Saturday, February 27, 2010

Facts, Topics & Aspects To "Successful Trading" by Tom D'Angelo

1. You must master three disciplines to achieve long-term successful speculation: a. Trading methodology (long or short-term, technical versus fundamental analysis, type of trading system, etc); b. Psychological discipline (controlling emotions of fear, greed and anxiety); c. Money management (risk reword decision analysis for each trading opportunity - when, where, why and how to bet on a particular event)

All three disciplines are necessary, but not sufficient individually - only all three combined are necessary and sufficient to achieve success.

You must develop a trading personality which integrates all three disciplines to achieve long-term success in speculation. If you do not, you will fail.

2. 95% of traders are totally disorganized as to analyzing their trading results . . . and have no concept of how to organize their profitable and unprofitable trades.

Practical organization of trading results is a primary prerequisite in mastering the money management discipline.

3. Long-term success can only be achieved by playing a game with a positive expectation.

4. The best approach is to play a game where you have a positive expectation and make small bets (playing as the casino).

The worst case is to play a negative expectation game and make large bets . . .

5. Losing significant amounts of capital can be avoided if the trader is making a sincere effort to integrate the 3 disciplines into his/her personality.

6. 95% of traders do not know where they have been, where they are or where they are going in their trading. They operate like a plane in a fog trying to fly with no instruments. They are disorganized, uncertain, anxious, fearful and eventually are forced out of the speculation game. If you emulate this 95% group of individuals, you will wind up equally frustrated and you will eventually fail.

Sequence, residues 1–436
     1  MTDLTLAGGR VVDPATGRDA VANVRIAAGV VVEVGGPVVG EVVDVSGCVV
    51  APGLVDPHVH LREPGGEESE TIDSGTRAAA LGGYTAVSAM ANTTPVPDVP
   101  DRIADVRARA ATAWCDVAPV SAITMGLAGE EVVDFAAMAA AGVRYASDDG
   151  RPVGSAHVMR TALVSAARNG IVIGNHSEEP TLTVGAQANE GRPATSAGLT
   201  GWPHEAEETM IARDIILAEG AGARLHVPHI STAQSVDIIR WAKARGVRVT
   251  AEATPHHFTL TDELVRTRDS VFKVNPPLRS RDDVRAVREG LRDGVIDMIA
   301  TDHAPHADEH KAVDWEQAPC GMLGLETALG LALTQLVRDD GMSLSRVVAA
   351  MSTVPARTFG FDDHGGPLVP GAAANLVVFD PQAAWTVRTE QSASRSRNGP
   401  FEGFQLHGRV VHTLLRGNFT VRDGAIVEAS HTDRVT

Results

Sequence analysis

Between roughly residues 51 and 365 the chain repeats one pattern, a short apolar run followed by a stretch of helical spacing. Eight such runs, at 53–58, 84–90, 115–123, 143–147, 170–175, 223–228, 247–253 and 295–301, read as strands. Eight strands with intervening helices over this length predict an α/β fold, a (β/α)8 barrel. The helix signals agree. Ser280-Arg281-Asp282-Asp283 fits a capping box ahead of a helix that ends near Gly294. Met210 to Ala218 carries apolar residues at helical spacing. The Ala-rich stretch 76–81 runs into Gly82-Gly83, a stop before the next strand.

7. You should classify any contemplated trade into one of the following five categories before putting on a position:

a. Entrance into congestion

b. A trade within a congestion

c. A breakout from a congestion area

d. A trend run

e. Trend reversal

[This is an abridged version of the original article found at]


Saurabh said...

a. Entrance into congestion
b. A trade within a congestion
c. A breakout from a congestion area
d. A trend run
e. Trend reversal

Respected Sukhani Sahab,

Based on your personal experience which one of these 5 mentioned above would be most profitable, based on historical data ?



ANAS said...

Thank you Sir, for coming up with these kind of valuable ''LITERATURE for TRADING''. Bye.

pranav.kulkarni said...

Dear Sir, One personal question please. How much percent of return you earned last year from trading only??